Vanguard goes after BlackRock’s heels in US exchange-traded funds

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Vanguard is closing in on industry leader BlackRock in US exchange-traded funds, a $6.6 billion competitive battleground for the world’s two largest asset managers.

U.S. ETF assets under Vanguard’s management totaled $1.84 billion at the end of August, compared with $2.21 billion managed by BlackRock’s iShares ETF unit, according to recently released data. Vanguard led the pack in attracting money into US ETFs in 2021 and is still ahead this year, in August receiving four times more than BlackRock.

BlackRock has been at the top of the ETF industry since its purchase of iShares from Barclays in 2009, but its rival is catching up fast. While BlackRock’s US ETFs still have 20% more assets than Vanguard’s, they were 50% larger in 2019.

As they jostle for dominance, the two groups have left behind other investment companies. BlackRock and Vanguard control more than 60% of a US ETF market that has nearly quintupled to $6.6 billion from $1.35 billion a decade ago.

The largest ETF by asset is State Street’s SPDR S&P 500 index tracker, but BlackRock and Vanguard offer 15 of the next 16. They also manage the two largest bond ETFs, which positions them to take advantage of what analysts expect to be a boom in debt products.

Industry experts predict a long race for dominance as the two groups seek new investors in turbulent markets. Other asset managers, including Invesco, JPMorgan Chase, Fidelity and Charles Schwab, are also trying to drum up investor interest in ETFs.

“The race in the US ETF market will be far from over even if the baton of leadership passes from BlackRock to Vanguard. Both managers earn a disproportionate share of a [ETF] pie that continues to grow,” said Todd Rosenbluth, head of research at VettaFi.

Vanguard and BlackRock pursue different strategies and customers. While Vanguard focuses on a relatively narrow range of low-cost products aimed at retail investors and their financial advisors, BlackRock’s iShares business offers a broader set of funds and also woos institutions.

“We play a different game. We want to be a leader, but it’s also about extending the use of ETFs to all types of clients. It’s more important,” said Armando Senra, who heads BlackRock’s ETF Americas business. He said institutional clients historically made heavy use of iShares in the fourth quarter as part of their tax strategies, and then expected an increase in inflows.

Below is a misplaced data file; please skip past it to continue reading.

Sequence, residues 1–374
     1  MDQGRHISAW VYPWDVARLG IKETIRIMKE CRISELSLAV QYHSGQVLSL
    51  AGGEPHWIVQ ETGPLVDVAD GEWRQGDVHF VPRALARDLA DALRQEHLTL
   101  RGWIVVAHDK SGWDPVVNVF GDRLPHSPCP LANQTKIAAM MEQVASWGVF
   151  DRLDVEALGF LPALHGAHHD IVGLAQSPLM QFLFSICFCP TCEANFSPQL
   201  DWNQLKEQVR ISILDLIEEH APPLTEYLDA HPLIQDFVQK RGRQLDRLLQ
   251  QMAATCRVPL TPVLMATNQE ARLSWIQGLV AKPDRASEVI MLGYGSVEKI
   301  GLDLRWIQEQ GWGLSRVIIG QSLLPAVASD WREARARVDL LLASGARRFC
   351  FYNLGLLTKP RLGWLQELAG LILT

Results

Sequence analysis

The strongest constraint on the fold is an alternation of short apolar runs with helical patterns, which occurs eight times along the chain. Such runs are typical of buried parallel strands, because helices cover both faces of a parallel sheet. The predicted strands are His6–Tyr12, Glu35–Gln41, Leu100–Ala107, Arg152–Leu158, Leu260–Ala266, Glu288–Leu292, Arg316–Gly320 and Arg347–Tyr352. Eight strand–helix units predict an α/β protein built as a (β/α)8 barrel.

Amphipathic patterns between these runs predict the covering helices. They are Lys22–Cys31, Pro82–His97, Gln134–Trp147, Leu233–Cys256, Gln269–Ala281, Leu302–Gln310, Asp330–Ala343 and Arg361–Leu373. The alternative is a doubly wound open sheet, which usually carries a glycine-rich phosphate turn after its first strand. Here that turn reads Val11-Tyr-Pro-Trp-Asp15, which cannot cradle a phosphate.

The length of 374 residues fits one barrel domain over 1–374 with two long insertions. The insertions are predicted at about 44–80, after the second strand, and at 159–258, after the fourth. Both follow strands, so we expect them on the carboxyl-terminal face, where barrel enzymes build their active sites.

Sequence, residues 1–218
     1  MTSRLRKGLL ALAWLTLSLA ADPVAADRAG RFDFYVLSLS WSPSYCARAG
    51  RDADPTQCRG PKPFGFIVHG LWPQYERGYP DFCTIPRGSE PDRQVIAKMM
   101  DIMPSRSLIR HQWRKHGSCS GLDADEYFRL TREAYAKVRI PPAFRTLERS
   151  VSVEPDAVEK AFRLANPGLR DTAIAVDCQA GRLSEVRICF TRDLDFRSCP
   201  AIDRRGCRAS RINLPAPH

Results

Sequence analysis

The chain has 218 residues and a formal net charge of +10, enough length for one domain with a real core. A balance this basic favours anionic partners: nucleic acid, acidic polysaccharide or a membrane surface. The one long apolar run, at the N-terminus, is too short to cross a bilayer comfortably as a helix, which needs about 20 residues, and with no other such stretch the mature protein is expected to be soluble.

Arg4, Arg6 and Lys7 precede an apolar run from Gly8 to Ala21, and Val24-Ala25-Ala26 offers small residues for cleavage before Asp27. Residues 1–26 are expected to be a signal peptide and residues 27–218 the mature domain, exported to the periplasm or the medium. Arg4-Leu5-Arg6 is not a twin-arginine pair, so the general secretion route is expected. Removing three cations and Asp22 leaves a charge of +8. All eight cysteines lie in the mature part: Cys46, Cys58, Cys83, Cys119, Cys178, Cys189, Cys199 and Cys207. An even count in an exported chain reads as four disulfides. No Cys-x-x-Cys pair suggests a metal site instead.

BlackRock has 399 US ETFs and 1,309 globally. “We seek to expand choice and access. . . Other competitors are very focused on one customer segment or one product segment,” Senra said. “ETFs are one of BlackRock’s growth engines, but they are not our only growth engine.”

Vanguard offers 82 ETFs and hasn’t rolled out a new one in two years, said Dan Reyes, head of its department that develops and oversees ETFs.

“We are continually looking to expand the offering, but we will be very judicious,” he said. “We tend to steer clear of themed or narrowly sliced ​​versions of the universe.”

Overall, BlackRock also maintains a substantial advantage. It had $2.96 billion in ETF assets globally, compared to Vanguard’s $2.04 billion at the end of July, the most recent comparable figures.

Both groups continued to absorb net inflows even though total assets under management have fallen since Russia’s invasion of Ukraine sent equity and debt markets plummeting. Total U.S. ETF assets hit a record $7.2 billion last year before falling back to $6.6 billion at the end of July, according to ETFGI, a consultancy.

“It’s been really encouraging and nice to see the ETF lineup as a whole resonate with investors,” Reyes said.

Ben Phillips, head of asset management advisory services at Broadridge, a fintech company, predicts lower fees for ETFs will prompt Vanguard and BlackRock to redouble their pursuit of other revenue.

Vanguard recently bolstered its advisory offerings, and BlackRock founder Larry Fink cited alternative investments such as real estate and private equity as well as its technology division as additional growth drivers.

“As passive ETF providers consolidate their market share, they’re getting bigger and bigger slices of the pie with ever-lower fees,” Phillips said.

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